Zimbabwe: New Energy Plan to Leverage Minerals
Cabinet yesterday approved a plan to develop energy from mineral resources to ensure Zimbabwe becomes a net exporter of electricity and fuel by 2030.
The plan entails a number of projects that include the extraction of coal bed methane for power generation, production of liquid fuel from coal and generation of electricity from coal and development of oil and gas from various concessions.
This was said by Industry and Commerce Minister Mangaliso Ndlovu while briefing journalists after yesterday’s Cabinet meeting.
“Cabinet considered and approved the programme for the Development of Energy from Mineral Resources, which was presented by the Minister of Mines and Mining Development (Winston Chitando). The programme’s major objective is to ensure that Zimbabwe emerges as a net exporter of electricity by 2024 and of fuel by 2030,” he said.
“This will principally be achieved through the extraction of coal-bed methane for power generation; production of liquid fuel from coal; generation of electricity from coal; and the development of oil and gas potential in the Muzarabani, Gonarezhou and Manicaland areas.
“To facilitate attainment of the programme, some measures will be instituted to, among other things, provide for the separation of the ownership of coal and CBM extraction concessions, as well as incorporation of specific tertiary education programmes that promote the development of the energy sector. A Commission shall be set up to oversee the formulation of the Programme for the Development of Energy from Mineral Resources.”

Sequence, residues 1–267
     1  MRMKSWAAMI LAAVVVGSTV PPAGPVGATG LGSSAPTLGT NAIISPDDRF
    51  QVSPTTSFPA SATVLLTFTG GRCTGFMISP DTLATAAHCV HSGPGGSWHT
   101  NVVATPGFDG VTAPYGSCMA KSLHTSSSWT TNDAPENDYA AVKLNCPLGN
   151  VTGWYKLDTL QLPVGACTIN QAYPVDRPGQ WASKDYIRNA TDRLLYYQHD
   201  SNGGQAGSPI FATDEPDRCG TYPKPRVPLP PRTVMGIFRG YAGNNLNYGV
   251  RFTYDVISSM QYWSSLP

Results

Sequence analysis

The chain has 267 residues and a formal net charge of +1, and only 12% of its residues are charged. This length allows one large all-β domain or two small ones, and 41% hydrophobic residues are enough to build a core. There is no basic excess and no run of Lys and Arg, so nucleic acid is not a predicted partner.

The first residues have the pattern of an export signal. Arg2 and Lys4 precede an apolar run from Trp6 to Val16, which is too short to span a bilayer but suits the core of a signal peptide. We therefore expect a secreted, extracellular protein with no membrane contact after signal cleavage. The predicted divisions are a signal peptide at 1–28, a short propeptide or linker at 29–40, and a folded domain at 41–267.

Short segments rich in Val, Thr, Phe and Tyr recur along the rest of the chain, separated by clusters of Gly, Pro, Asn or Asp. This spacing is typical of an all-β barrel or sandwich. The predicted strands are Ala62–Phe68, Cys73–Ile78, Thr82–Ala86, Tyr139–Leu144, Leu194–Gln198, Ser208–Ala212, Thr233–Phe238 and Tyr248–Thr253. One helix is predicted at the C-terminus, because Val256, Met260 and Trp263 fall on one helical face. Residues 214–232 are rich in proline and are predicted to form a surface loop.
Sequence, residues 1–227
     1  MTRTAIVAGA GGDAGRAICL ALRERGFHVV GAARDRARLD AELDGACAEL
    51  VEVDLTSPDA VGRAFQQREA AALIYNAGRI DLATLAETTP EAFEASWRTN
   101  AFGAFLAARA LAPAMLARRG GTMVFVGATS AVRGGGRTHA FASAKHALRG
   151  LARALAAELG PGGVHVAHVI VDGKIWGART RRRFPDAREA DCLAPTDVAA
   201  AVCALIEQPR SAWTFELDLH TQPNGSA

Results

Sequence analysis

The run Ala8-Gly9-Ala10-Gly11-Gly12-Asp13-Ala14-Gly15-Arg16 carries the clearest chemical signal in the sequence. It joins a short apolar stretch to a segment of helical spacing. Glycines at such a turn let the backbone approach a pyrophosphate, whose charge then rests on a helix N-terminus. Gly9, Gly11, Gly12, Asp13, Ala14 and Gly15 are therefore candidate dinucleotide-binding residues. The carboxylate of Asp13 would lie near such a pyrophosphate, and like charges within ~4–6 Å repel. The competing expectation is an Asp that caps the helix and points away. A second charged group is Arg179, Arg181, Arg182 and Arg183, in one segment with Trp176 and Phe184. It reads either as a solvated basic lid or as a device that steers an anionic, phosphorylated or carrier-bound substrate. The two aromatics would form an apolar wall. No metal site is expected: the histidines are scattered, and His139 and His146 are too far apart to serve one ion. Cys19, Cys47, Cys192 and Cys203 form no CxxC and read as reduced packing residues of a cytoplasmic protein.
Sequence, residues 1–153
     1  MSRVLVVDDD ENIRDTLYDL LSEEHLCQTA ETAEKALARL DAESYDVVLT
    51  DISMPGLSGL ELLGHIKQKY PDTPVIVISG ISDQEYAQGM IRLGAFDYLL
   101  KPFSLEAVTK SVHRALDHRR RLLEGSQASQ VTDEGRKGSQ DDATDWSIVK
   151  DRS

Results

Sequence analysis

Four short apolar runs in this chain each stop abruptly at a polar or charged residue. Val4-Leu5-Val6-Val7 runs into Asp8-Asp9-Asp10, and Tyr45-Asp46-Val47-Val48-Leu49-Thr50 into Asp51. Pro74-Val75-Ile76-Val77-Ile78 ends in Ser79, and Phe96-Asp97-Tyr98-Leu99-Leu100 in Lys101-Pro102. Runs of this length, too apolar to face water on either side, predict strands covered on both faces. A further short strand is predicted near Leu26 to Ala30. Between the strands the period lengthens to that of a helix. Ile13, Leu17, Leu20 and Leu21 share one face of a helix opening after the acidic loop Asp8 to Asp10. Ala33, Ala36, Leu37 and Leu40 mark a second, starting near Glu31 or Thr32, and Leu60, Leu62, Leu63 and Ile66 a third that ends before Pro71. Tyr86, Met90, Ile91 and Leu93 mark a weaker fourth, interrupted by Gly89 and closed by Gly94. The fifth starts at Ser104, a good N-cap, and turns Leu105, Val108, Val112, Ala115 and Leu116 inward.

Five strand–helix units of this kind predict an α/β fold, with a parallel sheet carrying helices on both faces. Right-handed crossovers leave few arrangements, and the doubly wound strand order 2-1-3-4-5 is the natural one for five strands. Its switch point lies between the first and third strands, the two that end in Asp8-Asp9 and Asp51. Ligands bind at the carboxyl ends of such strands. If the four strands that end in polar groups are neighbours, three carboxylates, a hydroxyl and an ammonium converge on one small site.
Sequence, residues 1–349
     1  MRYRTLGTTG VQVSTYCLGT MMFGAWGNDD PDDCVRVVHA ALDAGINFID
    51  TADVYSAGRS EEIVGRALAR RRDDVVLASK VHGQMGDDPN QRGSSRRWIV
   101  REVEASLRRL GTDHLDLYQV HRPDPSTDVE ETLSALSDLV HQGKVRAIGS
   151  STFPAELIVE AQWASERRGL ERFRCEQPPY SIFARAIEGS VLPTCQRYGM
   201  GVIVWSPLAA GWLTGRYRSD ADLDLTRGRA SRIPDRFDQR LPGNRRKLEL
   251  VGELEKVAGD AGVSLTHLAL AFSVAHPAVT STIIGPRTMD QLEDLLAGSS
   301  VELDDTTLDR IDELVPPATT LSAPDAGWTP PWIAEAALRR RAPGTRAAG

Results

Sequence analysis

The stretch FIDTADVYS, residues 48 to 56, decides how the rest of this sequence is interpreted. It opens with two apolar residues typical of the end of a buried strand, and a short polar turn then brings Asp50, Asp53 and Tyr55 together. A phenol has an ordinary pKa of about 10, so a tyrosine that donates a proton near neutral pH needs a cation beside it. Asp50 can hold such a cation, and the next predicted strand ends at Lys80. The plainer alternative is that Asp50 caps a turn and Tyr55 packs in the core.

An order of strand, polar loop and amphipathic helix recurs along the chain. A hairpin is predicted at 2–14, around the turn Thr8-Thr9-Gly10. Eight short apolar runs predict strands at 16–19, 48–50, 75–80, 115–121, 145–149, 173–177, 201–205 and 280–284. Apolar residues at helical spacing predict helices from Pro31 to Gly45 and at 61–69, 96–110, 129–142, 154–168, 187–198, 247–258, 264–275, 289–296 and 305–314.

Responding to questions from journalists, Minister Chitando said the target of realising electricity self-sufficiency by 2024 would be achieved through collaboration with mining companies.
“When we look at electricity self-sufficiency by 2024 it is a combination of firstly thermal, solar and coal bed methane. With respect to solar the mining companies on their own right now as we talk they have solar projects which will generate 600MW notably the largest being Karo Resources, we do have some to add up to 300MW, I can safely say by 2021 mining companies will be producing 600MW.
“If you take our total power consumption of 1 900 MW we will have 30 percent coming from solar. Over and above that, it entails a huge increase in coke production and for you to access coke in terms of genealogy you need coking coal that entails generation of thermal coal.
“In terms of power from CBM we will have at least have 100MW however we have other two CBM projects. With respect to liquids from coal there are three concessions where work is advanced, in Binga which is going to be bankable we have another in the Gwayi area,” said Minister Chitando.
He said all that will give the country billions of litres of fuel annually for the country.
Once the plan succeeds, the country will heave a huge sign of relief as it is presently contending with a serious electricity and fuel shortage.
Source: The Herald